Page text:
Italy’s heel rebooted

Puglia’s new­est vil­lage re­sort has some of the best food in the coun­try

The Weekend Australian - Travel - - Travel & Indulgence - CARO­LINE PHILLIPS THE IN­DE­PEN­DENT

A JE­SUS look-alike is sit­ting in his shop sand­ing po­plar wood. Hand­made wooden mar­i­onettes and tam­bourines hang from the ceil­ing. He has cov­ered his walls with left­ist news­pa­per cut­tings. ‘‘This street’s full of fas­cists,’’ he con­fides. ‘‘I’m the only true com­mu­nist here.’’ His shop doesn’t have a name, though it has been here 36 years.

I’m in the city of Os­tuni, Puglia, in Italy’s stiletto heel. Across the road is a junk shop packed with Madonna stat­uettes and 19th-cen­tury olive jars. I’d love the owner to email me some pho­tos of his stock. He looks be­mused. No, he doesn’t have in­ter­net ac­cess. ‘‘ Io antico,’’ he de­clares. (I’m an an­tique.)

Puglia is a huge re­gion with an 805km coast­line. On ar­rival, my first im­pres­sions aren’t great. From Bari it’s a 45-minute drab, flat drive south­east along the coast to my des­ti­na­tion of Borgo Eg­nazia, near the fish­ing vil­lage of Savel­letri. En route, I drive past end­less light-in­dus­trial build­ings and a flat-roofed breeze­block subur­ban sprawl.

Puglia looks poor, and it is. It’s also a place where tra­di­tions run deep, where so­cial­ist bu­reau­cracy and com­mu­nism are still en­trenched. It’s still un­pol­ished, rea­son­ably undis­cov­ered and where peo­ple from Rome and Mi­lan spend their hol­i­days, set­ting up chairs on rocky beaches to bake them­selves a car­cino­genic ma­hogany.

Puglia’s charms be­come more ev­i­dent as I get closer to Borgo Eg­nazia. Sud­denly the air is scented with figs and oregano. Fields are en­cir­cled by dry­s­tone walls and burst with to­ma­toes, aubergines and cen­turies-old olive trees.

If you de­cide to hug an olive tree here, you’ll need to hold hands with three men, so thick are the beau­ti­ful gnarled trunks. For a while there was a brisk black mar­ket (about $12,000 each) as trees were smug­gled out for fash­ion­able gar­dens in north­ern Italy.

‘‘We’re Italy’s largest man­u­fac­turer of olive oil,’’ a lo­cal waiter proudly tells me later. ‘‘There are three mil­lion olive trees, nearly one for each in­hab­i­tant of Puglia.’’ A goodly num­ber of these trees stand like ranks of sen­tries look­ing af­ter Borgo Eg­nazia, which lies in 16 or­ganic hectares within a 101ha pri­vate es­tate be­side the Adri­atic.

Borgo Eg­nazia is not quite one of the seven won­ders of the world, but it’s close to it in re­sort terms. Borgo means vil­lage in Ital­ian and it’s mod­elled on tra­di­tional Puglian ones. It looks as if it has been here for cen­turies, but it opened fully only last (north­ern) spring. There’s also a creamy, dreamy Moor­ish palace, ac­tu­ally based on a for­ti­fied masse­ria but with a strik­ing con­tem­po­rary in­te­rior.

I wan­der down paved al­ley­ways, un­der arches and past the pi­azza to the town­houses made of vanilla-coloured lo­cal sand­stone. There are also pri­vate vil­las, like am­bas­sado­rial res­i­dences on the town’s edge. The whole thing cost $185 mil­lion, took 10 years to de­velop and six to con­struct.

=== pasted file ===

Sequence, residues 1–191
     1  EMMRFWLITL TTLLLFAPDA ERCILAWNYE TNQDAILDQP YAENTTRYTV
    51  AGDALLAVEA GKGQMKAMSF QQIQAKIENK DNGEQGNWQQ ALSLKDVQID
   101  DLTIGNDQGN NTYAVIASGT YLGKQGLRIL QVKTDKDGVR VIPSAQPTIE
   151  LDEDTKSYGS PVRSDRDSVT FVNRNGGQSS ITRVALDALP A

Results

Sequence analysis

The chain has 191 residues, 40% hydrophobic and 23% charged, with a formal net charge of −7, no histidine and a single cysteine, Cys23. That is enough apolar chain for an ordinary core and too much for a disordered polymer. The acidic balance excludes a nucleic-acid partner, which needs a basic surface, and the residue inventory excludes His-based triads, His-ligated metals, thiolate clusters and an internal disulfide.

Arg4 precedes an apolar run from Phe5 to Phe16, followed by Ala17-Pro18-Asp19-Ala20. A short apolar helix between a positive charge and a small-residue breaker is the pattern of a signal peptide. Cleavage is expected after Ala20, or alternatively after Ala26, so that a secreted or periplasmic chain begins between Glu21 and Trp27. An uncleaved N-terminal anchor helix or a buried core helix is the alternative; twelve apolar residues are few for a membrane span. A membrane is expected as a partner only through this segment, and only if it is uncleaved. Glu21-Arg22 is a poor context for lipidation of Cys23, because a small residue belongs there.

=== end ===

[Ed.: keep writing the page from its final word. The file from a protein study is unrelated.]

It’s the brain­child of Aldo Melpig­nano, a for­mer in­vest­ment banker. He owns Borgo Eg­nazia with his fam­ily, who come from nearby Fasano. I take my sun­hat off to any­one who builds a vil­lage. But es­pe­cially one that show­cases ar­chi­tec­ture in­flu­enced by Puglia’s mul­ti­ple in­vaders, uses only lo­cal ma­te­ri­als and ar­ti­sans, and pro­vides the back­drop for French Vogue fash­ion shoots. Aldo has rein­vented the heel — it’s Puglia rebooted.

If a place could speak, Puglia would say: ‘‘Write about my in­cred­i­bly warm peo­ple and the best food in Italy.’’ Cer­tainly the friend­li­ness of the lo­cals epit­o­mises ev­ery­thing I love about this coun­try. It’s also a hot des­ti­na­tion for gourmet trav­ellers, with fer­tile land that pro­duces some of the best veg­eta­bles in the world, plus fresh seafood drawn from the Adri­atic. Its cui­sine comes from a recipe book writ­ten over the cen­turies by the re­gion’s con­querors — Greeks, Ro­mans, Goths, Nor­mans and Spa­niards — but it’s all based on peas­ant food.

They’re big on fish and olive oil here, even bak­ing and frying with the ex­tra-vir­gin va­ri­ety. I go to beach-shack restau­rants such as La Cam­busa in Savel­letri, a short bike ride from Borgo Eg­nazia. It has huge dis­plays of the morn­ing’s catch, and lob­sters on beds of ice plan­ning their es­cape. At Pescheria 2 Mari res­tau­rant, also in Savel­letri, I’m plied with plat­ters of raw oc­to­pus, squid, clams and sliv­ers of sword­fish — sashimi re­quir­ing noth­ing more than le­mon and a greedy mouth.

Masse­ria Cimino is an agri­t­ur­ismo (a farm­house where you can stay and eat) and is a quick walk across the golf course from Borgo Eg­nazia. Here, acres of home­cooked food are on the tables — taralli (like de­li­cious olive oil short­bread), freshly made orec­chi­ette pasta (the re­gion’s spe­cialty) and fresh, baked sea bream.

Mario Mu­soni, the Miche­lin-starred ex­ec­u­tive chef of Borgo Eg­nazia, is also big here. To try Mario’s del­i­cate sum­mer truf­fle risotto is to un­der­stand why the Ital­ian press dubs him the ‘‘king of risotto’’.

I don’t just ded­i­cate my­self to widen­ing my girth. I also cy­cle to the ruins of the an­cient Ro­man city of Eg­nazia, visit Al­ber­o­bello, ‘‘the cap­i­tal of trulli’’, those rus­tic houses with con­i­cal roofs, and Os­tuni, or the White Town, where my un­kempt shop­keeper crafts his wooden pup­pets. I visit the Byzan­tine-style cathe­dral and mar­vel at the ci­tadel. But, frankly, I spend just as much time in its spe­cial­ist food shops. Aside from the won­ders of Borgo Eg­nazia, it’s the culi­nary of­fer­ings that im­press me most. Puglia, the heel of Italy? Mouth, more like it. bor­goeg­ pescheri­a2­ masse­


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